When the details jump out at you, it's sometimes difficult to see the big picture.
The Cape Coral Police Department is a good case in point.
The agency has seen its share of controversies, serious controversies that have resulted in a handful of non-job-related arrests, at least one termination involving improper use of force, and the on-going college-credits-for-pay saga.
Despite the attention these isolated incidents have received, a couple of things should be noted.
One, the department has both internally and publicly addressed these issues as they arose. Two, in terms of staying on-mission, the Cape Coral Police Department is doing very well.
According to statistical data released this month, the number of reported crimes decreased in 2010 and clearance rates are at acceptable levels according to industry standards.
Police department officials credit the drop in crime to proactive policing that monitors trends by area, coupled with an appropriate shift in resources to answer specific needs.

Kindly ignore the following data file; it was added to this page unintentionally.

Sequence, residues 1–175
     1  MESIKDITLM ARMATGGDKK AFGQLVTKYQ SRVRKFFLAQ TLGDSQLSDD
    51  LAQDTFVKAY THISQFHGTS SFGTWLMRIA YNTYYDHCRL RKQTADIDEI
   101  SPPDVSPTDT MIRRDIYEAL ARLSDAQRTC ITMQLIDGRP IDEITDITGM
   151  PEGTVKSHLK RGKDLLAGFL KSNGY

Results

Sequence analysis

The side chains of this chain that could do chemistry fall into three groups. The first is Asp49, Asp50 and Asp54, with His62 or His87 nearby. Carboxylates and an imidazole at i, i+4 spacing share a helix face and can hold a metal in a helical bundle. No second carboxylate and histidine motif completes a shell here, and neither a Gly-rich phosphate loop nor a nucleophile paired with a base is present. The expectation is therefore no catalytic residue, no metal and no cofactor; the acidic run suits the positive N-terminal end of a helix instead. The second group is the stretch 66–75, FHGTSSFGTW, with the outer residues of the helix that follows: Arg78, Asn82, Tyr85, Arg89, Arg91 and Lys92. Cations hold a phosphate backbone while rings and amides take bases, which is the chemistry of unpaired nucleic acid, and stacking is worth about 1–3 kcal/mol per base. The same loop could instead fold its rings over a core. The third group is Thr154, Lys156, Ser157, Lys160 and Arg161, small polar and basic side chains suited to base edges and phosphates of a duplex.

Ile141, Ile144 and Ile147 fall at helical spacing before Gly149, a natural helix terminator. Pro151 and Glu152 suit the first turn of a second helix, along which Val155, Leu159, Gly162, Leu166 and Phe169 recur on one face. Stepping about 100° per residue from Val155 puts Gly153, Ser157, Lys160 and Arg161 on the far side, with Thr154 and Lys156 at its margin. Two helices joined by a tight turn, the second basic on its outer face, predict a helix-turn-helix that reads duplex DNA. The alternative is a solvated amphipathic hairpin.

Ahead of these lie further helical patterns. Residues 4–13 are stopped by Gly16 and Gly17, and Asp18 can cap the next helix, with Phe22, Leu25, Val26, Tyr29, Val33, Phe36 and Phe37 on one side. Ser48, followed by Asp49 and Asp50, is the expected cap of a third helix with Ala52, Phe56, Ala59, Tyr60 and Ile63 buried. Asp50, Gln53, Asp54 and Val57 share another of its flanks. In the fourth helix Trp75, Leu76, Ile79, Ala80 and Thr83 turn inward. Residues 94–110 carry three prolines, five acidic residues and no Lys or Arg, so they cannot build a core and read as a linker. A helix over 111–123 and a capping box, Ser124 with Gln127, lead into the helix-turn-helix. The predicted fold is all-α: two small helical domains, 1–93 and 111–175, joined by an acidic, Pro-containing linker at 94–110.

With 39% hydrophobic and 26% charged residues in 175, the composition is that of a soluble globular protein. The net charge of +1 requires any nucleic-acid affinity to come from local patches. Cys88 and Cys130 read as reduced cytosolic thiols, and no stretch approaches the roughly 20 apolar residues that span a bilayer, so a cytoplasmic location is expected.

Makes sense to us - especially since it's working.
The department also has made strides in two other areas: It has managed to answer additional calls for service with fewer people and significantly less overtime in patrol, various operations categories and administrative services.
Patrol recorded a 19.9 percent dip; operations a 26.8 percent drop; special operations a 44.5 percent decrease; support services a 42.7 percent decline; investigative services a 16.3 percent decrease; and the professional standards a 45.6 percent drop. Administrative overtime and compensated hours plummeted 80.9 percent.
That means the agency did more at a lower cost.
Fighting crime and doing it efficiently is the department's primary mission.
And the Cape Coral Police Department is doing an admirable job, thanks to its front-line force of officers and investigators, thanks to its supervisory and support staff, and thanks to its administrative personnel up to and including interim Police Chief Jay Murphy.
Kudos to all those who have made the department's big picture outlook one that credits the agency and serves the public well.
As the city's administration continues its announced search for a permanent chief to head the department, it would do well to look inside.
Declining crime rates and proven efficiencies are going to be hard to top.
- Breeze editorial